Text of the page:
“We want to push the envelope,” says Libby Reder, eBay’s Head of Environmental Initiatives, in regards to the mission of the Green Team. To inspire everyone to become “smarter, greener consumers.”
We’ve covered some of eBay’s efforts in social enterprise previously, but as Earth Day rapidly approaches, the company is making a point to highlight many of its green efforts across the board. Not only does it boast a LEED-Gold certified campus at its corporate headquarters in San Jose, CA (which also houses the city’s largest solar installation), the company is also proud to not have a large supply chain nor retail footprint. Rather, eBay views itself as more of a conduit, a connector. Even a changegent, to use a term previously discussed here. A connector of buyers and sellers, eBay has the unique ability to impact both the supply AND demand sides of commerce.
3 Ways to Shop Green by eBay
1. Buy Resource Preserving Products: From brighter bulbs to smarter faucets to things that run on people power, according to the company, products that save resources preserve the greater good.
2. Buy Sustainable Products: Buy products, as eBay says, that were designed to live longer than a day. Products made from organic or otherwise sustainably-produced methods and materials take less from the planet and ensure that we can go on producing for generations to come.
3. Buy Recycled, Repurposed, Reincarnated: Purchasing used, refurbished, or vintage items saves resources from being used in the production of new goods and extend the lives of products, not to mention the carbon footprint inherent in that kind of production. And as the people at eBay say, be it vintage, used, or pre-owned, it’s still new to you…
30 Days of Green
As a way to spread the message about the new Green Team initiatives, eBay partnered with the Hearst Group to create a campaign called “30 Days of Green” that will run throughout all of the Hearst Group’s print publications.
Apperaing in Marie Claire, Good Housekeeping, Harper’s Bazaar, and even Cosmopolitan to name a few, eBay wants to share the information on being a smarter, green consumer to customers in their “natural habitat,” in the words of Reder. Each publication will run editorial/advertorial throughout the entire month of April that speak to their specific demographic (read: Cosmo providing tips on the best natural or organic body oils to give your man), accompanied by some of the green buying options available on eBay’s online marketplace.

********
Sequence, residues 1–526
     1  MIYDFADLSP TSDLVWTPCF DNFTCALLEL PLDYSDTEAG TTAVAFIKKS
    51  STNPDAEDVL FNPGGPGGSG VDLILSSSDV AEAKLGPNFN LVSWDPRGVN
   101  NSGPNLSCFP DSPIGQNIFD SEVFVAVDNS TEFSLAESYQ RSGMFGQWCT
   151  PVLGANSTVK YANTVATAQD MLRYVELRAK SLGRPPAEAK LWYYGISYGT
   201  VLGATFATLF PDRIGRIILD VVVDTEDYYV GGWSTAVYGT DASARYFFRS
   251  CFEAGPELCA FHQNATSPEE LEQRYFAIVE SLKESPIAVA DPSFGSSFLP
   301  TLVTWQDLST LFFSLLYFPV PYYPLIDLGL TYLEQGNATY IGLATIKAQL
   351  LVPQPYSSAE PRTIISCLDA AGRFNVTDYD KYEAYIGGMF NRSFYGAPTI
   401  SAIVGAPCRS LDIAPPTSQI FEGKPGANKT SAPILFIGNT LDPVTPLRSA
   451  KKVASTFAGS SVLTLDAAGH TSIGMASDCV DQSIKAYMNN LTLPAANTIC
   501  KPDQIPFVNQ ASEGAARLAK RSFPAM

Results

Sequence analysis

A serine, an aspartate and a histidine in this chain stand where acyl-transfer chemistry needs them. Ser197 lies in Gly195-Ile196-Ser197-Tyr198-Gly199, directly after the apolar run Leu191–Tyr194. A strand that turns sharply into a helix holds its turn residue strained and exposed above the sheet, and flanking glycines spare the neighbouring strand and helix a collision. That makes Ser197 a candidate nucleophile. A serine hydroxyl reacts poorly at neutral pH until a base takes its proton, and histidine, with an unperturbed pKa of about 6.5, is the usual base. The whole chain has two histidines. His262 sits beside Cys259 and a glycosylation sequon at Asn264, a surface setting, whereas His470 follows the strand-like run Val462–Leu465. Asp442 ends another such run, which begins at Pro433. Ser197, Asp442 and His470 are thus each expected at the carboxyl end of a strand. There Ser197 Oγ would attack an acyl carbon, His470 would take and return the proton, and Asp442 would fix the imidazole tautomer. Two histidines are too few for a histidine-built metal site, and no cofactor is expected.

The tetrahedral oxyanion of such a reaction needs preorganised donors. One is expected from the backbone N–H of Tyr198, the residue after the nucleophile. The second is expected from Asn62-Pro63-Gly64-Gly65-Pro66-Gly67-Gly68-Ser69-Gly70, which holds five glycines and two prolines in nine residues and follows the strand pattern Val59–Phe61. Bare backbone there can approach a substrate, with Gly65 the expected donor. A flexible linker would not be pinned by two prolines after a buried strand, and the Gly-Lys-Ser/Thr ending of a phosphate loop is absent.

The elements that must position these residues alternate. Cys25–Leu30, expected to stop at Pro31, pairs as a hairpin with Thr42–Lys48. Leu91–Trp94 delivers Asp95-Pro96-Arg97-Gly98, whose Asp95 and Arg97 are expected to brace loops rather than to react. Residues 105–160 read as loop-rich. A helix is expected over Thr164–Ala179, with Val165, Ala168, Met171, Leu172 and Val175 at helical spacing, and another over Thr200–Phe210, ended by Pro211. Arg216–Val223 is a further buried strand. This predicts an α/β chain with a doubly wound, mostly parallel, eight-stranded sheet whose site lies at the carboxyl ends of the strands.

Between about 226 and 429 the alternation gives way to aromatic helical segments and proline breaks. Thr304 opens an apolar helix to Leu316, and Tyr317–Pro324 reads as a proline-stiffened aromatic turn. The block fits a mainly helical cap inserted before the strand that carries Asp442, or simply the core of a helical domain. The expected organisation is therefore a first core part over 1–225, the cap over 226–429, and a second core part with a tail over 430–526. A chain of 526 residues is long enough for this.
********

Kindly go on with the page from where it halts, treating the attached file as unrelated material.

Partnerships like these with the Hearst Group as well as with NGOs and non-profits will, in the hopes of eBay and its Green Team, help foster the conversation around the way we think about what we buy.
Is Used Really the Way to Be Green?
In a recent press release, eBay’s president and CEO John Donahoe said, “eBay buyers and sellers trade $2,000 worth of goods every second, a majority of which are used, refurbished, or vintage.” The purchase and sale of these types of products amount to $100 billion of commerce over 10 years on the online marketplace, according to Reder, amounting to a significant portion of the company’s revenue.
However, Michael Brune, the executive director of the Rainforest Action Network is a bit more skeptical about the emphasis on used goods as a characterization of being green. He told the New York Times in an article yesterday: “A lot of the things sold on eBay are new merchandise, and last time I checked the Postal Service still used fossil fuels for all of their planes and their trucks, so it’s not sustainable,” he said, referring to how eBay sellers ship items. “It’s fair to say that buying used goods on eBay is better for the environment, but let’s not get carried away and say this is the greenest thing since recycled paper.”
Recycled paper it is not, but eBay is happy to admit that as well. They never saw the “30 Days of Green” campaign (which incidentally has found criticism for not being on recycled paper) nor its Green Team initiatives as end all, be all. In fact the launch of the Green Team doesn’t even have specific sales or other trackable goals attached to it. Rather, they want to see a community starting to built around it. And eBay has partnered with the US Postal Service to offer Cradle-to-Cradle certified packaging at no extra cost to the consumer as a way to partially offset the unsustainable nature of packaging and delivery of goods.
The Green Team is a start, not necessarily the solution for eBay. An investigation. A way to start conversation.
Readers: What do you think? Should eBay be applauded for its efforts? Or do its critics have merit and is this a matter of corporate greenwashing? Start the conversation…